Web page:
Get access

An assessment of the impact of reduced averaging time on small wind turbine power curves, energy capture predictions and turbulence intensity measurements

Authors

  • Douglas Elliott,

    Corresponding author
    1. Centre for Doctoral Training Centre in Wind Energy Systems, Department of Electronic and Electrical Engineering, University of Strathclyde, Glasgow, Scotland, UK
    • Correspondence: Douglas Elliott, Department of Electronic and Electrical Engineering, University of Strathclyde, Glasgow, Scotland, UK.

      E-mail: douglas.elliott@strath.ac.uk

    Search for more papers by this author
  • David Infield

    1. Centre for Doctoral Training Centre in Wind Energy Systems, Department of Electronic and Electrical Engineering, University of Strathclyde, Glasgow, Scotland, UK
    Search for more papers by this author

ABSTRACT

The effect of varying the averaging time of measured data used to calculate wind turbine power curves is examined. The effects of reducing the averaging time from 10 to 1 min, as recommended for small wind turbines, are investigated using power performance data recorded using a 15 kW wind turbine. Test site data have been processed according to the relevant international standard, IEC 61400-12-1, to provide power curves and annual energy yield predictions. A number of issues are explored: the systematic distortion of the power curve that occurs as averaging time is decreased, the errors introduced by the use of 1 min averaged power curves to calculate energy yield and the reduction of turbulence intensity as averaging time is reduced. Recommendations for improved small wind turbine testing and energy yield calculation are given. Copyright © 2012 John Wiley & Sons, Ltd.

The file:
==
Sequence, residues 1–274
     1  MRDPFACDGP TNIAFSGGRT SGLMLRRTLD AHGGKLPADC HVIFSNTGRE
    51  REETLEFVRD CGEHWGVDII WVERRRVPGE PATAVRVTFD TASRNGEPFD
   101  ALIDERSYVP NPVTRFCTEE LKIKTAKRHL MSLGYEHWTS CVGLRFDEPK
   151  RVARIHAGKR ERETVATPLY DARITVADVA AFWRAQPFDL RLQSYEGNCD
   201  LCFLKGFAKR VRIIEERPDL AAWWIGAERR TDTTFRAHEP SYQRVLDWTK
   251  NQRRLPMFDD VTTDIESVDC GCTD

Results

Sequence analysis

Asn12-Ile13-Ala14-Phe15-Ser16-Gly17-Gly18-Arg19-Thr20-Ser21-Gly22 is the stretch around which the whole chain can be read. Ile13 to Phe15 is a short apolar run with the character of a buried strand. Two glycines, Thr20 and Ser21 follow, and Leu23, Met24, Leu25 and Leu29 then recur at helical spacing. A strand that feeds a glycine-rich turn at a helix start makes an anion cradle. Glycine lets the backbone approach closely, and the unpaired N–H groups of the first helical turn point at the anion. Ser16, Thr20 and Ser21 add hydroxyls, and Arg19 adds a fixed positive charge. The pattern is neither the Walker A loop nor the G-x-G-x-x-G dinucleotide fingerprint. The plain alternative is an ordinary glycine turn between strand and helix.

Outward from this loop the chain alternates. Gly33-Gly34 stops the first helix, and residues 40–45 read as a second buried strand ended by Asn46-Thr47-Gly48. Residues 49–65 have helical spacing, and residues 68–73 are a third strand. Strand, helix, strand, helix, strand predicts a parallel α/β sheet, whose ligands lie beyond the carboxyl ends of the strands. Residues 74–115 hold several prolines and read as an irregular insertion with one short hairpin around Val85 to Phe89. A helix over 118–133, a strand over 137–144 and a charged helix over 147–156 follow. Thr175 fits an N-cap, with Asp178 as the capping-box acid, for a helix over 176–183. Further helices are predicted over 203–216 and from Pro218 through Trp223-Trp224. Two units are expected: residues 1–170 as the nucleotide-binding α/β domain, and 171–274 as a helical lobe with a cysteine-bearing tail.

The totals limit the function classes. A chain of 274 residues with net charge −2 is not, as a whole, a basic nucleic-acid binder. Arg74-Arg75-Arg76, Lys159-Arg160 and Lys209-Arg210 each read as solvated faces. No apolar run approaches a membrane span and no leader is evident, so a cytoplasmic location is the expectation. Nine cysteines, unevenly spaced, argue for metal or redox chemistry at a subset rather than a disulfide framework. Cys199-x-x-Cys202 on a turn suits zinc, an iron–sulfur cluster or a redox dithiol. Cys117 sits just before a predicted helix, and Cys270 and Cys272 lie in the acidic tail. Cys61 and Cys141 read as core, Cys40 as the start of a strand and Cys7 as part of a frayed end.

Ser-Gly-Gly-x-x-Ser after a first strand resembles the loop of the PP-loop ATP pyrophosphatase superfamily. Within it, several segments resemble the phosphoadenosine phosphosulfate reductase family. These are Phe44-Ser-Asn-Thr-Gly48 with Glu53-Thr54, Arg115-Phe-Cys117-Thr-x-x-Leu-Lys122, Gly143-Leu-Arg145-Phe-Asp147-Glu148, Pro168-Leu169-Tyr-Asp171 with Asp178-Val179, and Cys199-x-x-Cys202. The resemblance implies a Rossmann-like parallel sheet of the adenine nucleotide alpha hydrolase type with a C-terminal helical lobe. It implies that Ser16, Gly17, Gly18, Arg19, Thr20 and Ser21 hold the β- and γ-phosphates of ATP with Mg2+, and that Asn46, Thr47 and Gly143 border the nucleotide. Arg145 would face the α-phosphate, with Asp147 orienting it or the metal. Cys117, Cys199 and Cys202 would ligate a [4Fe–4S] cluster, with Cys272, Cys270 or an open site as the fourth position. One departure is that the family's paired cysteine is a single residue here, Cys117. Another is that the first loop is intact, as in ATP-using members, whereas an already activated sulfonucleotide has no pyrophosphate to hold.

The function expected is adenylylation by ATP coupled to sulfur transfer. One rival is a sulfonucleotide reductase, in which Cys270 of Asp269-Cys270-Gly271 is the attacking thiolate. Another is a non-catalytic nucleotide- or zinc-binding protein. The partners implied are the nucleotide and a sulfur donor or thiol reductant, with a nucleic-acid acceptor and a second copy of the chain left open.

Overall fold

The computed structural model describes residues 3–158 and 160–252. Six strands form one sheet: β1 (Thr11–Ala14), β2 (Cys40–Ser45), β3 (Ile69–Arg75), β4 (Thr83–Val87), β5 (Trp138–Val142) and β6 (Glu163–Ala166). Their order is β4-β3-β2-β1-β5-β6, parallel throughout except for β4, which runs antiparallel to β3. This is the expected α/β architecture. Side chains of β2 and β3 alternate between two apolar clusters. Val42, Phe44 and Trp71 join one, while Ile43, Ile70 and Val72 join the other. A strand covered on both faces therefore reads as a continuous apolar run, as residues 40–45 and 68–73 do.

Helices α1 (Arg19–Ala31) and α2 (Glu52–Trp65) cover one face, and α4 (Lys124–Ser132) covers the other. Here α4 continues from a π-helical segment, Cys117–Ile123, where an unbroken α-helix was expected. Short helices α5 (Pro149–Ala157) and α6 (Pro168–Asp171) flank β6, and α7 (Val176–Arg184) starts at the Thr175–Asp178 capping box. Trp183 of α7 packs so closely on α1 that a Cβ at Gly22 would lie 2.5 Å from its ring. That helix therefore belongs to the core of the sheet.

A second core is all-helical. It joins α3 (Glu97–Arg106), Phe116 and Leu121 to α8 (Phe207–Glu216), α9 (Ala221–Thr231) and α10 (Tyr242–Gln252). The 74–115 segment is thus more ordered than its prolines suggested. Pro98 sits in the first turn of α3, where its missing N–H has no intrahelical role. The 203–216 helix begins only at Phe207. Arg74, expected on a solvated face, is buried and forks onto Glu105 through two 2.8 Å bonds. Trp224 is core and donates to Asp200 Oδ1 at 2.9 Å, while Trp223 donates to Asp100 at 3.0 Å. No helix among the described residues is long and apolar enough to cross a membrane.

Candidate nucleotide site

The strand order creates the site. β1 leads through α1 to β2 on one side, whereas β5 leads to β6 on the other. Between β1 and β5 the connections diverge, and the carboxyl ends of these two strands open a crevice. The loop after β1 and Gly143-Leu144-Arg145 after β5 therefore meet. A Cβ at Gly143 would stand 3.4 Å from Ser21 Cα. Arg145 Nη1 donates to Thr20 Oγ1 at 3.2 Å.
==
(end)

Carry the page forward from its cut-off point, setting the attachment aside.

Get access to the full text of this article

Ancillary